Whenever an agent is caught up in a tough situation that isn’t covered in your current learning library, create new content to rectify that. You’ll keep growing your customer service team into a capable, efficient unit capable of handling any obstacle in their path. And your customers will continue to receive the best level of service out there.

 

Prioritizing Tasks

Being able to prioritize tasks is just as important as effective time management. While managers and team leaders may assign jobs to employees, agents have to be able to identify which tasks are urgent and which can wait.

Otherwise, customers could be denied the help they’re looking for and be left with a negative impression of your business. And with unhappy consumers telling between nine and 15 people about bad experiences with a company, poor task-management is riskier than you may imagine.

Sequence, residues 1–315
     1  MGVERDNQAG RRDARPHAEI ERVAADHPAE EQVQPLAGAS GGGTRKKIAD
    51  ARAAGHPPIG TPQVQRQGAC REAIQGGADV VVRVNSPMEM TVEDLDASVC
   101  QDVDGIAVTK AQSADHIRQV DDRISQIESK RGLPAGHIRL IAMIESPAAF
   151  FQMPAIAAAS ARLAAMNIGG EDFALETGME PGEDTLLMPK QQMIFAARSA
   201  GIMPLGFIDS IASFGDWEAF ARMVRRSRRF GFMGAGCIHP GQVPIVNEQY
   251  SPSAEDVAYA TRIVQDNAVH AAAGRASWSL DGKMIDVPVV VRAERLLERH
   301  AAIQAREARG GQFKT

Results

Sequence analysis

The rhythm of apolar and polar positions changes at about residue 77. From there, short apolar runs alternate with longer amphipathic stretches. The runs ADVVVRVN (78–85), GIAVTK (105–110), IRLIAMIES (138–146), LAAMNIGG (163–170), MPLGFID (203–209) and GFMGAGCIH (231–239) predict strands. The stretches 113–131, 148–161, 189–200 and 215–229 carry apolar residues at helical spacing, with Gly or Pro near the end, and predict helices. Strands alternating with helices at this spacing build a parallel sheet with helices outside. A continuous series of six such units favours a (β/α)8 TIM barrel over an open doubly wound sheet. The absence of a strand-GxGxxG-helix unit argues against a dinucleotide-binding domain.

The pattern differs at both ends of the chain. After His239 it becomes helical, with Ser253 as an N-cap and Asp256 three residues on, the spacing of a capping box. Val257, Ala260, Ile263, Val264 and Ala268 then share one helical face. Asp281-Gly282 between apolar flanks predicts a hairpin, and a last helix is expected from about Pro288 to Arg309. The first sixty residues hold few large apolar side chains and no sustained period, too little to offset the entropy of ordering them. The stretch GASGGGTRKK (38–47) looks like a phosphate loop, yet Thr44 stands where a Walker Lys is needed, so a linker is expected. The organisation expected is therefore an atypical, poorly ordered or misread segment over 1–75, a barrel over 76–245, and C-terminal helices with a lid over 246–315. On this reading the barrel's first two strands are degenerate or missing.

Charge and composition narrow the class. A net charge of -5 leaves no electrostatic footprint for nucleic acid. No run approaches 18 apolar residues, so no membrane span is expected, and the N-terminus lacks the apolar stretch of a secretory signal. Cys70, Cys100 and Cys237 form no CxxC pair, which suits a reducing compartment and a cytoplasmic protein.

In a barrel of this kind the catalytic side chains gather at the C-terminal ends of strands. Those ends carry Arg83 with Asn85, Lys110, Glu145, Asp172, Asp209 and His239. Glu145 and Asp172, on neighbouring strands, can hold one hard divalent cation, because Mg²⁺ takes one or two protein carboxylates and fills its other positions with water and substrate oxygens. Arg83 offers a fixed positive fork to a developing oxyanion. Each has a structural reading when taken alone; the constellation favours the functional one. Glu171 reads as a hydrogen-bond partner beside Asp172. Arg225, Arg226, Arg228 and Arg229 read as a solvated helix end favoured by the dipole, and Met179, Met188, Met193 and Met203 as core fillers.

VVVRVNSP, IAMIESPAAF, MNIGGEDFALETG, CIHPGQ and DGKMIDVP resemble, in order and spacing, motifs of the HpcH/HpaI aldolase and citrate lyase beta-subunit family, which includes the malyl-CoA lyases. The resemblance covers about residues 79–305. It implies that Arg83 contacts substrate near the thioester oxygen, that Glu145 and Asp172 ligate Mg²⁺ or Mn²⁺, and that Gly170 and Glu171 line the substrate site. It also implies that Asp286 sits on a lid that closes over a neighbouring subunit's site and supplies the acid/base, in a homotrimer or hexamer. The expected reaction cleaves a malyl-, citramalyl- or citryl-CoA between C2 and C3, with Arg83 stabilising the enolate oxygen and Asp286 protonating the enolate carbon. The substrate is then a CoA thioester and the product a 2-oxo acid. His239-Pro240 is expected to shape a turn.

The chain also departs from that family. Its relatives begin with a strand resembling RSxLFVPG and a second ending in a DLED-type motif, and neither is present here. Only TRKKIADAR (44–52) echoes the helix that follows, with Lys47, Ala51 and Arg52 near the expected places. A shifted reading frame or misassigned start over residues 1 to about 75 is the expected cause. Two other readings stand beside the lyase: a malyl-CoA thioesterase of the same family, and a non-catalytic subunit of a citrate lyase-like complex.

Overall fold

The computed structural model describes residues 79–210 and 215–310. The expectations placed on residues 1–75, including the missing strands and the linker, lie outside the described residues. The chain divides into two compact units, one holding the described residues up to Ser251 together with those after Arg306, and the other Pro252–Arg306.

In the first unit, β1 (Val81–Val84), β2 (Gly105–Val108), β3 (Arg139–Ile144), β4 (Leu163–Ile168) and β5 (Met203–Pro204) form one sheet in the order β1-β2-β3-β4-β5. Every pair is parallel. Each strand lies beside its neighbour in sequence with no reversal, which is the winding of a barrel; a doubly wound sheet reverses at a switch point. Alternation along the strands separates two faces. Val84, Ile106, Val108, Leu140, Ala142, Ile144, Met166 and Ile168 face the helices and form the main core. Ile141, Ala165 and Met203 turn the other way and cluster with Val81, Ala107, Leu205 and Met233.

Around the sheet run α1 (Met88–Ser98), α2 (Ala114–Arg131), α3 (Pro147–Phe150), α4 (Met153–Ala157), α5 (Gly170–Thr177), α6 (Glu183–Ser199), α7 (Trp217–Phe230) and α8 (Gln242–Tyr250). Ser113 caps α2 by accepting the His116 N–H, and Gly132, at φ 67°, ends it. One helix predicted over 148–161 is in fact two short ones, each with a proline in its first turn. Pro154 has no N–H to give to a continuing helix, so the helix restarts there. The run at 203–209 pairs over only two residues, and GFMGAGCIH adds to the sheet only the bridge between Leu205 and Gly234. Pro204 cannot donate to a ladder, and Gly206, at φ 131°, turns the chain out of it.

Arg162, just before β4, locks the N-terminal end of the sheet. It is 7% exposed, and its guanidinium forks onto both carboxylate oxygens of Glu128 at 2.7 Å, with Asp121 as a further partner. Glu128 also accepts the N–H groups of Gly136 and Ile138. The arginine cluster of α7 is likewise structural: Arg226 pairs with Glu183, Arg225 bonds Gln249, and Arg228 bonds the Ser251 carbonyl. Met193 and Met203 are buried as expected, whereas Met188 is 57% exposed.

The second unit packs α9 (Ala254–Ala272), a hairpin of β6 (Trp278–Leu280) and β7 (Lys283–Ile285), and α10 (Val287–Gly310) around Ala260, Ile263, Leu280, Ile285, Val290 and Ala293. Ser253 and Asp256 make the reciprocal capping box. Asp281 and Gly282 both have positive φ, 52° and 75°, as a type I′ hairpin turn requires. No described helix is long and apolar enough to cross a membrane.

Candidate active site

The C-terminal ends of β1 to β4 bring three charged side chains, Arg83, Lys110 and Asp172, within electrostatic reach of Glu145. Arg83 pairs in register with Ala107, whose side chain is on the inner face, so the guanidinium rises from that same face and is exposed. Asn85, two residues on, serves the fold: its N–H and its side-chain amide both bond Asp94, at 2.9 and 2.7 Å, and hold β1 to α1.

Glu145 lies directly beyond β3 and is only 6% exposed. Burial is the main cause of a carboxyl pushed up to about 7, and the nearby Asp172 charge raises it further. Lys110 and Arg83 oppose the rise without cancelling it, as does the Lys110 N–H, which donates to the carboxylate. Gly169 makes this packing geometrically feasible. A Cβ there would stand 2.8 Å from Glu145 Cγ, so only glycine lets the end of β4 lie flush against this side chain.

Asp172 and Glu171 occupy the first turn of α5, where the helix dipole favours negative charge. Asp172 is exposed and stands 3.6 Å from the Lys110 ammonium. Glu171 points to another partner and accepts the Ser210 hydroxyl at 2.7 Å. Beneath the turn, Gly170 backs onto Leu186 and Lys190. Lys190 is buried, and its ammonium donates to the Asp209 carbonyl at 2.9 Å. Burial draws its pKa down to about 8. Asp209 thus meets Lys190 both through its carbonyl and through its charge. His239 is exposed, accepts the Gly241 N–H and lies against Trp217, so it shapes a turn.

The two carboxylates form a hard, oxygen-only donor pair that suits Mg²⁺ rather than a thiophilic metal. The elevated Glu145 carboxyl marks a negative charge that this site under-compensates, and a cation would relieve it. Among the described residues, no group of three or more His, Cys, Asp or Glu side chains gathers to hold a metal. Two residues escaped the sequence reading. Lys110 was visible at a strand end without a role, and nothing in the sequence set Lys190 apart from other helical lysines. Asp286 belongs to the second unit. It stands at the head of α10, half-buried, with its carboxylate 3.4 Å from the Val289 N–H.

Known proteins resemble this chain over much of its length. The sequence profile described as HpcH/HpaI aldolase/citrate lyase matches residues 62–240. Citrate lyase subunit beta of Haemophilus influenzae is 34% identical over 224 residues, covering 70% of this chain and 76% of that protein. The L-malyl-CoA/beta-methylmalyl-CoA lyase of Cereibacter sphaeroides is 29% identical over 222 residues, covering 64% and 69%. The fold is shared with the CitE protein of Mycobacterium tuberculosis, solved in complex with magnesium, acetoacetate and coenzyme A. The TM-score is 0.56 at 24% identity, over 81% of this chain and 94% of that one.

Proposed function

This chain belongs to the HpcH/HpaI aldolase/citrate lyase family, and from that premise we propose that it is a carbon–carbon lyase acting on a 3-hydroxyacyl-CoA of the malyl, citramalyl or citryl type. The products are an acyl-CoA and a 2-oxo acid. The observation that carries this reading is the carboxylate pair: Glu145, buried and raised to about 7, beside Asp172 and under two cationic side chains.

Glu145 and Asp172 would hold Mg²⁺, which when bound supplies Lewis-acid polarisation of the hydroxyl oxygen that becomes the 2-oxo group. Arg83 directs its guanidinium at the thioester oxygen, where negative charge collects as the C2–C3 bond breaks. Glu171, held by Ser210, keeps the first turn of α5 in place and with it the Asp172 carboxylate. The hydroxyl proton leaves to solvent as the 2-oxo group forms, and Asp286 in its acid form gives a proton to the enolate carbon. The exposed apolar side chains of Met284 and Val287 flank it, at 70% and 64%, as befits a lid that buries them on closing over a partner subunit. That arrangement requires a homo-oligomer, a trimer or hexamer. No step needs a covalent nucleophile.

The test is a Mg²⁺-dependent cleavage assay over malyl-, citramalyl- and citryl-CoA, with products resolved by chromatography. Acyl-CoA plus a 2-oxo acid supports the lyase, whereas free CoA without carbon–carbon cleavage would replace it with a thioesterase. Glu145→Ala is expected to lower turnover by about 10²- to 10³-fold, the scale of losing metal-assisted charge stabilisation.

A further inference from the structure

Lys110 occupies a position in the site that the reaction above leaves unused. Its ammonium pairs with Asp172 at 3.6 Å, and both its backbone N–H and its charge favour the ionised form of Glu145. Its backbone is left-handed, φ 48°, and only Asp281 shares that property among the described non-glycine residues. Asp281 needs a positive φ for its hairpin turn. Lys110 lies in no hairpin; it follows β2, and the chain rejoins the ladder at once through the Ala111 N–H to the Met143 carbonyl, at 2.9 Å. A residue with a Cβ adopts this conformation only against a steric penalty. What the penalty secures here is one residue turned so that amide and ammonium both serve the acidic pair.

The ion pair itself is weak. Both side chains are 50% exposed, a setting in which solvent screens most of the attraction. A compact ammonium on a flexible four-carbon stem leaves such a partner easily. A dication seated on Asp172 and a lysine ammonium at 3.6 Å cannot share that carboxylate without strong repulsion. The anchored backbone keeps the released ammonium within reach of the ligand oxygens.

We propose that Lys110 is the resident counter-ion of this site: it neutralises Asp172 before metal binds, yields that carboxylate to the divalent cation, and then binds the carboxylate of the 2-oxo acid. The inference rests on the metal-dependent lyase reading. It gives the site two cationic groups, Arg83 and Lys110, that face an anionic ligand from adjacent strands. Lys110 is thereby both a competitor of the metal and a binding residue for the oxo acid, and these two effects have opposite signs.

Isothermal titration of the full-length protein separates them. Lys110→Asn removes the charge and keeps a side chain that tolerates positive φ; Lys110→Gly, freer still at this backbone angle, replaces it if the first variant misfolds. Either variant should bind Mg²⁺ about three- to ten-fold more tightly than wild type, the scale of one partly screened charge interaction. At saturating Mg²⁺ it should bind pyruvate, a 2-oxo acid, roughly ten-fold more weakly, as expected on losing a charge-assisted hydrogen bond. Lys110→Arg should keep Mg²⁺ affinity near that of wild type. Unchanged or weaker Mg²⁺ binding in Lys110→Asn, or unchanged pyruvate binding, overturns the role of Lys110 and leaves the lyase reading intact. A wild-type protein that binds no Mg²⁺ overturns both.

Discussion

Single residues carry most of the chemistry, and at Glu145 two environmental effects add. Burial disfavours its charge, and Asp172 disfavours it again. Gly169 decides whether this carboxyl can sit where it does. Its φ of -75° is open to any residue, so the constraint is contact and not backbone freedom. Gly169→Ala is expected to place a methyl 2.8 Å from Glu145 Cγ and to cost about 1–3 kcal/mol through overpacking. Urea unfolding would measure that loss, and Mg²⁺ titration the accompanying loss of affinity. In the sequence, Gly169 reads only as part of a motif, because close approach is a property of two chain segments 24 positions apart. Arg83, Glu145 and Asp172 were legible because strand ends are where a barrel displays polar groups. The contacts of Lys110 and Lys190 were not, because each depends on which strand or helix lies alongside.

Your learning materials should encourage and inspire employees to adopt a proactive approach to their work. They should be willing to take the initiative and search for answers to questions themselves, even if that means requesting training from management. Again, an open-door policy is essential to ensure employees feel comfortable to do this whenever they need to.

 

Conclusion

Putting a learning library together is easier when you have access to a quality LMS. Trying to stay on top of which employees have received what training can be incredibly difficult, especially if you have an overworked, understaffed HR department.

Workers can end up without the learning lessons they need while others undergo training they’ve already received — a waste of everyone’s time and effort. With an LMS, you’ll be able to organize your customer service team’s learning resources efficiently, making it accessible to anyone who needs it.

Make sure to include lessons focusing on the topics explored above, or you might be denying your staff critical education. And that could impact your customers’ experience in a negative way, chasing them away to competitors.

Implementing what you just read about Quality Assurance is possible.

What do you think the most important topics for customer service teams’ learning are? Share your thoughts and ideas below!